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A group of unique directors and the essential works that you've got to see.

||| Stanley Kubrick |||
Stanley Kubrick

A filmmaker of international importance, Kubrick was one of the only directors to work within the Studio System and still have full artistic control over his films from scripting through post-production, prompting Time Magazine to compare Kubrick’s early independence with the magnitude of Orson Welles.

An uncompromising antiwar film, this gut-wrenching drama depicts a World War I officer as he labors with an ultimately futile defense for three painfully sympathetic men tried for cowardice. Kubrick artistically utilizes a beautifully washed-out black and white photography to represent the muddied boundaries of right and wrong, and the many gray areas that lay between.

A fabulous and inspiring adventure, this visually stunning epic stars Kirk Douglas as the heroic slave who fights to lead his people to freedom from Roman rule. Although a clear departure from Kubrick’s oeuvre, “Spartacus” is an all time classic helmed by a man with a precise vision who is equally capable of crafting colossal spectacle, tense tête-à-têtes, and a tender moment between lovers.

This film is so stylish it’s easy to forget it’s a horror film at heart. Considered to be the thinking man’s thriller, Kubrick molds this very particularly “Stephan King” material into the portfolio of his films about human failure, as the hero’s desperate desire to become somebody ends in frustration and tragedy.

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Oscar Handicap 2014: Cinematography

By EdwardHavens

March 1st, 2014

For this article, we will examine how the directors of photography stack up against each other.

Oscar Handicap 2014: Cinematography

(For explanations as to how our scoring system works, make sure to read our first article in the series, Best Picture of the Year, linked at the bottom of this article.) The discipline of making lighting and camera choices when recording photographic images, the Cinematographer works with the director to decide the overall look of the film. Purists have lamented the rise of digital intermediate technology, where the director and cinematographer can fine-tune the look of individual scenes and even single frames by computer, is quickly killing the fine art of cinematography, but until the Academy creates a Best DI category, this is what we'll have to deal with.

The Breakdowns
1) Oscar winning cinematography has come from lensers also nominated for the same award at the BAFTAs 31 of the last 35 ceremonies (88.57%). Advantage: Delbonnel, Lubezki, Papamichael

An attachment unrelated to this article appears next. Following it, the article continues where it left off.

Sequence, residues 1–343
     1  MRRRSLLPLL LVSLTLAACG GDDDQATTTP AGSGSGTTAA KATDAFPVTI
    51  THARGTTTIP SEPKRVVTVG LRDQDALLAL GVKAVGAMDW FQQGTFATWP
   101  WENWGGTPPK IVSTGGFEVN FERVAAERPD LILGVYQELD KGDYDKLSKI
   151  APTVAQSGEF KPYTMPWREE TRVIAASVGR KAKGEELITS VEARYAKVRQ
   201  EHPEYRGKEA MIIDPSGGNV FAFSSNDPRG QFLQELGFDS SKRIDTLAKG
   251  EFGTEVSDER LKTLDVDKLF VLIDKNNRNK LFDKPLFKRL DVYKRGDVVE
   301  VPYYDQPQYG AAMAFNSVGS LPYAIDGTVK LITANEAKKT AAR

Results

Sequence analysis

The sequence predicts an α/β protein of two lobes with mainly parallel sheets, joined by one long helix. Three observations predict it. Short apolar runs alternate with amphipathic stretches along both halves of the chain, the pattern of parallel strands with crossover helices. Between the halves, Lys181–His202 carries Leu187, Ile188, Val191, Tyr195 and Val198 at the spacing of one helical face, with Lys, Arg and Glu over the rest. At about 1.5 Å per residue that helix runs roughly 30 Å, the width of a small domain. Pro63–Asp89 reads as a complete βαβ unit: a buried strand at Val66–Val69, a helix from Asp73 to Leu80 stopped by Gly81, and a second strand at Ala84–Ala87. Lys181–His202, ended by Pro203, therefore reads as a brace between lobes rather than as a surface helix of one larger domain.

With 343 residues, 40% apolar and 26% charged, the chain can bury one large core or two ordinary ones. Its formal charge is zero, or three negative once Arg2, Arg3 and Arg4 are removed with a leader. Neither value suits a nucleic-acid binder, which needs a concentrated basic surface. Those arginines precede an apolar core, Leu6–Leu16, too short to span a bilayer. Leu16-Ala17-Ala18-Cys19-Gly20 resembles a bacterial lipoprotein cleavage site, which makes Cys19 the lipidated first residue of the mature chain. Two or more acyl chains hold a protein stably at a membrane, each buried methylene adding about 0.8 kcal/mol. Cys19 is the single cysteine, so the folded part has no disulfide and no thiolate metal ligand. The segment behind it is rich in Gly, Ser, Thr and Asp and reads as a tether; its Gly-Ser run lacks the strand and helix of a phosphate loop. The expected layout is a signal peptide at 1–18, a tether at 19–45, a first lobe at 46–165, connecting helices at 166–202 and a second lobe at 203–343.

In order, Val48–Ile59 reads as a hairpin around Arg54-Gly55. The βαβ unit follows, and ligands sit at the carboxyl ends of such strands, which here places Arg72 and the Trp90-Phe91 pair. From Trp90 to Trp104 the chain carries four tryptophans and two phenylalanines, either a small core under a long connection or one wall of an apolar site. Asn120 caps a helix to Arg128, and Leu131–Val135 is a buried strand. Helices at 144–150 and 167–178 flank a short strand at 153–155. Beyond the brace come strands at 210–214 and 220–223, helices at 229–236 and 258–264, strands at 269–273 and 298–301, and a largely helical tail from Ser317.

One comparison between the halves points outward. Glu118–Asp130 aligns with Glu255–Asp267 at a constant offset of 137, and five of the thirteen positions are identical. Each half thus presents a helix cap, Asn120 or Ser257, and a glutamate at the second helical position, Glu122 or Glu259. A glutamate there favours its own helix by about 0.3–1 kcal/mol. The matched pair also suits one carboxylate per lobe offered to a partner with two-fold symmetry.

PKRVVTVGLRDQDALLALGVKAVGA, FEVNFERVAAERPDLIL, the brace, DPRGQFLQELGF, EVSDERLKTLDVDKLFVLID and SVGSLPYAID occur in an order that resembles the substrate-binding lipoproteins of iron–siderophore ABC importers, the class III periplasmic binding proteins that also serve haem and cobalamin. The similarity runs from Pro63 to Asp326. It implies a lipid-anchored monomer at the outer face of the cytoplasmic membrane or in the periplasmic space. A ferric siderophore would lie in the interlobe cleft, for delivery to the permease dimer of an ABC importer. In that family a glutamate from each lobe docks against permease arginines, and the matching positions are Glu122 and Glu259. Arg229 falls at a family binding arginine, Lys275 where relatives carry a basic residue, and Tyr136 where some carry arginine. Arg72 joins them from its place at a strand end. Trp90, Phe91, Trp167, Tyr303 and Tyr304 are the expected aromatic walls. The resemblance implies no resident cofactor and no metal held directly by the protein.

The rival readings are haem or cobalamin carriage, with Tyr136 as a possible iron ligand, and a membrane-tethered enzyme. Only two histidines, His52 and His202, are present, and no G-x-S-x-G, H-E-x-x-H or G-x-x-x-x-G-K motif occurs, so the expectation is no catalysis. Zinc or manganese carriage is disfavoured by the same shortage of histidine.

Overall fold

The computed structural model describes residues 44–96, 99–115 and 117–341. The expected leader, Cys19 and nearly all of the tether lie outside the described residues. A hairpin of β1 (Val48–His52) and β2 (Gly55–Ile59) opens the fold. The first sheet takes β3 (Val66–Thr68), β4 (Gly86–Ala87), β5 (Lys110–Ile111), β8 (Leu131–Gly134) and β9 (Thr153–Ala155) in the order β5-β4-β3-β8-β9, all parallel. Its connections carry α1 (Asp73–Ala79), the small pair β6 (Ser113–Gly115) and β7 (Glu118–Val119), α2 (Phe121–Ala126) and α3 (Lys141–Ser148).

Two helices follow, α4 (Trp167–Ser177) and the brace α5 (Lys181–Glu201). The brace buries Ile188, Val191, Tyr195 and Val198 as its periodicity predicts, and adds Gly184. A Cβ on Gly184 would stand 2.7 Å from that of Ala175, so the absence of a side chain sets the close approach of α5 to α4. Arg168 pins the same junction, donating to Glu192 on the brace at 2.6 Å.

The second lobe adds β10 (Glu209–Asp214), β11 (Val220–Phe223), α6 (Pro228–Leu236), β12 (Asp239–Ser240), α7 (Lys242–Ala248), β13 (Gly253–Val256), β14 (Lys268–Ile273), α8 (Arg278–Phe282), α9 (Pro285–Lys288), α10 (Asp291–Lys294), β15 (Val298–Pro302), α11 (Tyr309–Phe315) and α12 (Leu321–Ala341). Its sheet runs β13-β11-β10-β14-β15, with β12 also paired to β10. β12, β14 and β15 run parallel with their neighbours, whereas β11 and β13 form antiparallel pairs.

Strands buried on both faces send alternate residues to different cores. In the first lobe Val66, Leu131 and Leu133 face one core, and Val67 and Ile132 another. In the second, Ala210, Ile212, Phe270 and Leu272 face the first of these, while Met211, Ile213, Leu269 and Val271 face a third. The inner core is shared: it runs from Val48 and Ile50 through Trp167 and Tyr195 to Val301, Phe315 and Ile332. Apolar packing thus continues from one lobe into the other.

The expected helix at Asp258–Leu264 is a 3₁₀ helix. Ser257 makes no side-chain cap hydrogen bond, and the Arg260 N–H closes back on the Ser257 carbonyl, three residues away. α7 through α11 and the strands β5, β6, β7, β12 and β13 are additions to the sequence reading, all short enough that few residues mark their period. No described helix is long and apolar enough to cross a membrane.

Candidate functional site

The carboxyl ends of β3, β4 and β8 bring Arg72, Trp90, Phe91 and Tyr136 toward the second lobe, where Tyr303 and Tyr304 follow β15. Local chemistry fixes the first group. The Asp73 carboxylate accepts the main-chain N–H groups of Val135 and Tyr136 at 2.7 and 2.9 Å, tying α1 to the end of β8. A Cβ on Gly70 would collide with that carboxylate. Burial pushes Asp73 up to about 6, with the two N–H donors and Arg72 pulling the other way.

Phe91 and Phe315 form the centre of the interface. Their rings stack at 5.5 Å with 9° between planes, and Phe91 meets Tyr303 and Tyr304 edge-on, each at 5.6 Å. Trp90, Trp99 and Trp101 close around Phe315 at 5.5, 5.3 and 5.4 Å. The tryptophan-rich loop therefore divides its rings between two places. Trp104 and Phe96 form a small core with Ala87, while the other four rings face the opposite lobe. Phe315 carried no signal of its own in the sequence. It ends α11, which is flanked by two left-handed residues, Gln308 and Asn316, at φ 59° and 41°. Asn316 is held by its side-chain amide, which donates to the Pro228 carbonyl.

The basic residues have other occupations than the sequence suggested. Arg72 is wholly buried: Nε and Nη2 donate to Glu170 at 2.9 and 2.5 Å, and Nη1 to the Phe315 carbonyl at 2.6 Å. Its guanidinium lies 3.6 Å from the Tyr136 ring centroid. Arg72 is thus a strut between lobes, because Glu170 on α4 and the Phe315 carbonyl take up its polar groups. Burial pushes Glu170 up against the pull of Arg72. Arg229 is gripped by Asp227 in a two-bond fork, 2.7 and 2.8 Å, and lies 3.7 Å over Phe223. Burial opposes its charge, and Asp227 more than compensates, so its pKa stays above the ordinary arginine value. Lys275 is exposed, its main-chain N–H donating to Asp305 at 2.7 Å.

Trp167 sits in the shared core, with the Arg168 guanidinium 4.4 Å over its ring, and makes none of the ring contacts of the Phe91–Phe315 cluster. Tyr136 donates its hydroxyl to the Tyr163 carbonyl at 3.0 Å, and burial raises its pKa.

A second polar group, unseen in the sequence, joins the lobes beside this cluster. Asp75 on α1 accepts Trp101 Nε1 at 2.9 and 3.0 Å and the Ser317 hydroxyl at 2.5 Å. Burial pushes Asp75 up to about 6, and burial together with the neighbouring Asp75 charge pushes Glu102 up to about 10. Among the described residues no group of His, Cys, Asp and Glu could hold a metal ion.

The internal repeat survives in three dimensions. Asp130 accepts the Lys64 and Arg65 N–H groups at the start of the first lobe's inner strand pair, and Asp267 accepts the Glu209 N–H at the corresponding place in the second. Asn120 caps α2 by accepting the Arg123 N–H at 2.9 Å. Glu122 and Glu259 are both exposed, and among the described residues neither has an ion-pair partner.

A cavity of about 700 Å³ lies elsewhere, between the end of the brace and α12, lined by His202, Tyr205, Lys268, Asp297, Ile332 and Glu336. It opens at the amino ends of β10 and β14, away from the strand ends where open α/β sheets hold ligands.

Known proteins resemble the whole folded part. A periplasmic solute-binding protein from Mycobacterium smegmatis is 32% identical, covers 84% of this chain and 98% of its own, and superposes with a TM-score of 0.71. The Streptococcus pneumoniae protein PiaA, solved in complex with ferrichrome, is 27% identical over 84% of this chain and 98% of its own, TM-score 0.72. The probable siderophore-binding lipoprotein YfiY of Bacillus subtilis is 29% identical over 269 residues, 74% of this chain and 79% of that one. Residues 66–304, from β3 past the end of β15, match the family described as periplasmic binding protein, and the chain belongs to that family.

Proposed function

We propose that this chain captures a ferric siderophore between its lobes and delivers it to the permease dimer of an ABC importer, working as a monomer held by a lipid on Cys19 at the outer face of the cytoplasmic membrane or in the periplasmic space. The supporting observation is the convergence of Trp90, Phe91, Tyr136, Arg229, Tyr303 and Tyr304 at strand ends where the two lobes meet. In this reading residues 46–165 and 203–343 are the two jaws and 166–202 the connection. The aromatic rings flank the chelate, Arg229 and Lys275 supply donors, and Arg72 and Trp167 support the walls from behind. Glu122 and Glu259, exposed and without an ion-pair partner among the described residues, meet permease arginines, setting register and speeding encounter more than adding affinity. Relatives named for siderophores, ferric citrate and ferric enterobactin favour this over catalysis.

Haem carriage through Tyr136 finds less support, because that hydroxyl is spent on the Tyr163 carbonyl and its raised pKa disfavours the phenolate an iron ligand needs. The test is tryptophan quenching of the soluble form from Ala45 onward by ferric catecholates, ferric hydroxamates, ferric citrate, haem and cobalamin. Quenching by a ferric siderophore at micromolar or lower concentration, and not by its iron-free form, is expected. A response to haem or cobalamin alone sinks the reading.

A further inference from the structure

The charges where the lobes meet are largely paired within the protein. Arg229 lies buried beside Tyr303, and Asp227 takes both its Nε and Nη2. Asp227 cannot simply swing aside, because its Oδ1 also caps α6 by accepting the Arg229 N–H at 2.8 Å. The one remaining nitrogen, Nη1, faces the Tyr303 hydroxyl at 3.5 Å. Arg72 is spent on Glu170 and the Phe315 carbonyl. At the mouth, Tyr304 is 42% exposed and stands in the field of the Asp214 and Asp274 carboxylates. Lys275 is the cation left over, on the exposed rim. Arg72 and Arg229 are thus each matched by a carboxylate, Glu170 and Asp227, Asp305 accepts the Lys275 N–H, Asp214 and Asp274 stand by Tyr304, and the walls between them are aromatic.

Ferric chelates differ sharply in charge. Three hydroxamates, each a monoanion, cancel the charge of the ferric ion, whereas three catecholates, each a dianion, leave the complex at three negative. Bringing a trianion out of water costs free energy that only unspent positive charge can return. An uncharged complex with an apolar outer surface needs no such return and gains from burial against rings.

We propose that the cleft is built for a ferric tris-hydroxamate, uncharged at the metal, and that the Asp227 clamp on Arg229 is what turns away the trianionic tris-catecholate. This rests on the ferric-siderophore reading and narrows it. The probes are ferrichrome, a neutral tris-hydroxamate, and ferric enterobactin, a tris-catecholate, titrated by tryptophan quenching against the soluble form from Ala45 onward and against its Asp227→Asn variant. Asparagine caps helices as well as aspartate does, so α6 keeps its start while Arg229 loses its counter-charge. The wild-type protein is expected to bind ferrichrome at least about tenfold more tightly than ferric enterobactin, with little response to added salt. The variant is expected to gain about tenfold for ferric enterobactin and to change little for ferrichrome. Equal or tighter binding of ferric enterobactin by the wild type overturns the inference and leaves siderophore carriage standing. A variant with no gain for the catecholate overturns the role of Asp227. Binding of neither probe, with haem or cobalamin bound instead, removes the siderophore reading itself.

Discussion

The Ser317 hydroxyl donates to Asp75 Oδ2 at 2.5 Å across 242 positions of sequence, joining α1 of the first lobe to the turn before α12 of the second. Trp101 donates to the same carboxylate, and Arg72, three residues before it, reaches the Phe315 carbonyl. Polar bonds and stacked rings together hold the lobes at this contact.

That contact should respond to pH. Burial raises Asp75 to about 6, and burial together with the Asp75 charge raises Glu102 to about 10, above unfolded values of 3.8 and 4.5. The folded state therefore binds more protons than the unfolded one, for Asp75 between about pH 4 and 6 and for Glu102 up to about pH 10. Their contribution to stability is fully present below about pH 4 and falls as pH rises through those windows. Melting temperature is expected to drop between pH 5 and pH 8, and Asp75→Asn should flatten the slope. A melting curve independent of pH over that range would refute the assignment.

2) Shooters of stories predominantly set outside the past twenty years have won 30 of 35 (85.71%). Advantage: Delbonnel, Le Sourd
3) As long as you're not the nominee in the lowest grossing film at the time of the nominations, you've won 29 of 35 (82.86%). Advantage: Deakins, Delbonnel, Lubezki, Papamichael
4) Cinematography winners have come from films whose directors have also been nominated 28 of 35 (80%). Advantage: Lubezki, Papamichael
5) Cinematography awards have been given to films also nominated for Best Achievement in Production Design 27 of 35 (77.14%). Advantage: Lubezki
6) Winners here have come from Best Picture nominees 27 of 35 (77.14%). Advantage: Lubezki, Papamichael
7) A previous nominee for Best Cinematography has gone on to win 20 of 35 (57.14%). Advantage: Deakins, Delbonnel, Lubezki
8) The winner of the Best Cinematography Award from the American Society of Cinematographers has won here 10 of the 27 years the ASC has given out awards (37.04%). Disadvantage: Lubezki

By The Numbers
Lubezki's work in helping to create zero-gravity will likely win here, while eleven-time nominee Deakins, inarguably the greatest living cinematographer, will once again go home empty handed.
Roger Deakins, "Prisoners": -1, -2, +3, -4, -5, -6, +7, -8 (98 of 272, 36.03%)
Bruno Delbonnel, "Inside Llewyn Davis": +1, +2, +3, -4, -5, -6, +7, -8 (150 of 272, 55.15%)
Phillipe Le Sourd, "The Grandmaster": -1, +2, -3, -,4 -5, -6, -7, -8 (68 of 272, 25%)
Emmanuel Lubezki, "Gravity": +1, -2, +3, +4, +5, +6, +7, +8 (177 of 272, 65.07%)
Phedon Papamichael, "Nebraska": +1, -2, +3, +4, -5, +6, -7, -8 (116 of 272, 42.65%)


All articles in this series:
Best Picture of the Year
Best Director
Best Actor and Best Actress
Best Supporting Actor and Best Supporting Actress
Best Cinematography
Best Original Screenplay and Best Adapted Screenplay
Best Foreign Language Film
Best Animated Feature